MDP member of parliament and parliamentary whip Ilyas Labeeb appealed to police to protect the constitution, refuse to follow unconstitutional orders, and to learn from the action of the senior MNDF officers who recently sent a “letter of concern” to Chief of Defence Force about the matter.

Ilyas Labeeb delivered his speech from the campaign truck kept on Fareedhee Magu in the middle of the crowd, facing the police standing behind barricades.

Just as Labeeb began addressing the crowd, police lit up floodlights to spotlight the MP.

“Shining that light in our faces, or implying we are marked for arrest, does not intimidate me. Violently taking MP Ali Azim into your custody does not intimidate me. Even if you come and take me away now, that still won’t scare me. I will come back here and speak out as soon as I am freed again. We are asking for elections, for our constitutional right,” Labeeb said.

“Aren’t you ashamed to be bowing down to unconstitutional orders? Nineteen MNDF officers have sent a letter against the following of constitutional orders, against the politicisation of the security forces. The MNDF is more senior than the police force. Listen to them, learn from them. Give it up now. Your stand on February 7 was that you were demonstrating against unconstitutional orders. What are you doing today?”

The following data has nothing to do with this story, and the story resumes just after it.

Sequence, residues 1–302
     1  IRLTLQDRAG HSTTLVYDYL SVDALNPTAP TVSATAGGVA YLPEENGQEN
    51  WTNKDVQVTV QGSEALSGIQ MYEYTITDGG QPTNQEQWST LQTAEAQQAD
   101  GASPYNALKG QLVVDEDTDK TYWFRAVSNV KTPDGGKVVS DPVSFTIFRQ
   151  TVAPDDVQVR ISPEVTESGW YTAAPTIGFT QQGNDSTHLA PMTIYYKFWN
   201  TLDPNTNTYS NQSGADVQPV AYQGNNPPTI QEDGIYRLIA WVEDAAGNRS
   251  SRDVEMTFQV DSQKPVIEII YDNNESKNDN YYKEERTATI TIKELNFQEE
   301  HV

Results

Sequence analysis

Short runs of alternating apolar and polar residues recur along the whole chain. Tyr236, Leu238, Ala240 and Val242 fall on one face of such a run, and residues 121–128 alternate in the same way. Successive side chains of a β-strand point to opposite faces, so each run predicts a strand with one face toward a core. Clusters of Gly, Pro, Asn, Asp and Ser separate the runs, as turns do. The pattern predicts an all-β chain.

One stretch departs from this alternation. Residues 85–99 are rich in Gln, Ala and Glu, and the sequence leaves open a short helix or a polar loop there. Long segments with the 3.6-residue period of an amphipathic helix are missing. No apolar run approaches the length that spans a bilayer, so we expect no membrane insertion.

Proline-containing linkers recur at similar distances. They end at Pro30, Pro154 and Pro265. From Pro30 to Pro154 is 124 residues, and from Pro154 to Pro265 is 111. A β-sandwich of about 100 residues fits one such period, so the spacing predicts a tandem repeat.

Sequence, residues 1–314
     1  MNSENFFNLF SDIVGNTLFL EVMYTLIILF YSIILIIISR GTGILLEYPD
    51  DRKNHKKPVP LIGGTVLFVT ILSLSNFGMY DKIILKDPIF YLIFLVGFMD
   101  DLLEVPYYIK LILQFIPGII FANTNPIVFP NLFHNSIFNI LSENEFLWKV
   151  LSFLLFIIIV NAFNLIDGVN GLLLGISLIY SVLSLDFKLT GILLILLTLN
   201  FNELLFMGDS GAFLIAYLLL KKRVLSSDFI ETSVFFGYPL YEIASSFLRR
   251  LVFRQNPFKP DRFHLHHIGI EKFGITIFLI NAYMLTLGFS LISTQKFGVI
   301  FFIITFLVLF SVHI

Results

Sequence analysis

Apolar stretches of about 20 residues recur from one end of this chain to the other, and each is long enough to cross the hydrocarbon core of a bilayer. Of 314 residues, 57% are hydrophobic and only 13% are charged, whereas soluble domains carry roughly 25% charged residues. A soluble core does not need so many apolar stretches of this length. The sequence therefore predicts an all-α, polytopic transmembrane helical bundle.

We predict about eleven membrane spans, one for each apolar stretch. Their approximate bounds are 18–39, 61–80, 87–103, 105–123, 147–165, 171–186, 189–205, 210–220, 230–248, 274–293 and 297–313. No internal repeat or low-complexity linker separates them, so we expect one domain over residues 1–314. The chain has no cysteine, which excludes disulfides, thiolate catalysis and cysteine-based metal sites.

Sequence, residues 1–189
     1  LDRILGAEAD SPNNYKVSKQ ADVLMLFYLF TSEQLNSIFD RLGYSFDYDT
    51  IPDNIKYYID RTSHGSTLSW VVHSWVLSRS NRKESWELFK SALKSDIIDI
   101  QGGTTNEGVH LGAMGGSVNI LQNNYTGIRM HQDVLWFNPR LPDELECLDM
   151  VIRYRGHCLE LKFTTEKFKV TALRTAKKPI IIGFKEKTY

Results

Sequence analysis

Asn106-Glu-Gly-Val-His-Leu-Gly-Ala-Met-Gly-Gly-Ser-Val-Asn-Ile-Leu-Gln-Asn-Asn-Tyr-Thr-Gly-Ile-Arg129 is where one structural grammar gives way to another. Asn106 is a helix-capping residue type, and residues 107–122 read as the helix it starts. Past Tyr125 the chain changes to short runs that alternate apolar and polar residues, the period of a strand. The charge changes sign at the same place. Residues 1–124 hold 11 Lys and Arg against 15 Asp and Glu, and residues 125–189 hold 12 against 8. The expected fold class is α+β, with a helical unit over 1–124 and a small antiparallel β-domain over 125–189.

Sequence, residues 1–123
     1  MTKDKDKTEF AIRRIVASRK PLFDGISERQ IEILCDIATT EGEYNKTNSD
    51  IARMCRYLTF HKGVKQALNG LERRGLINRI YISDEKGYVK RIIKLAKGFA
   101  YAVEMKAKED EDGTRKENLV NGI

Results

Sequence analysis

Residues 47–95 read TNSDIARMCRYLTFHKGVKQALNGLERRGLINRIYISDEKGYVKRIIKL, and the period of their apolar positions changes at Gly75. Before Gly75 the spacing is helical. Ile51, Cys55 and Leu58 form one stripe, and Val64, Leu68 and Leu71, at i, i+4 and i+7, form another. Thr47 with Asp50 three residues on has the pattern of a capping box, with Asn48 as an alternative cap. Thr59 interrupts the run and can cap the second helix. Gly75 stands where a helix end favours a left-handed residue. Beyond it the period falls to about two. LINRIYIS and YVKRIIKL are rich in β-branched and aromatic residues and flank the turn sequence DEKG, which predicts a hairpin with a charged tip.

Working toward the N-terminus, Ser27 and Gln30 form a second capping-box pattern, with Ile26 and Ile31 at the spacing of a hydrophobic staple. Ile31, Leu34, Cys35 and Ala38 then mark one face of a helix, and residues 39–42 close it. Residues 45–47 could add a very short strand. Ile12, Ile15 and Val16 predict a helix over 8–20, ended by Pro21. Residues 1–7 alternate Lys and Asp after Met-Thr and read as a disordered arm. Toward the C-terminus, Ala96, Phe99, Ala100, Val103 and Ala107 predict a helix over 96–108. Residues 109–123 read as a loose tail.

“We are standing up for the constitutional rights we are entitled to, for our sake, for the sake of our families, yes, but equally for the future of you and your families. Start protecting the constitution, police, that is in the best interests of the nation.”

Ilyas Labeeb ended his speech by leading the crowd in chanting “Where’s my vote? You stole my vote”, “Election now” and “Forward, forward, swiftly forward”.

By this time, just over a dozen regular police officers formed a line of obstruction behind the barricades, facing the protesters.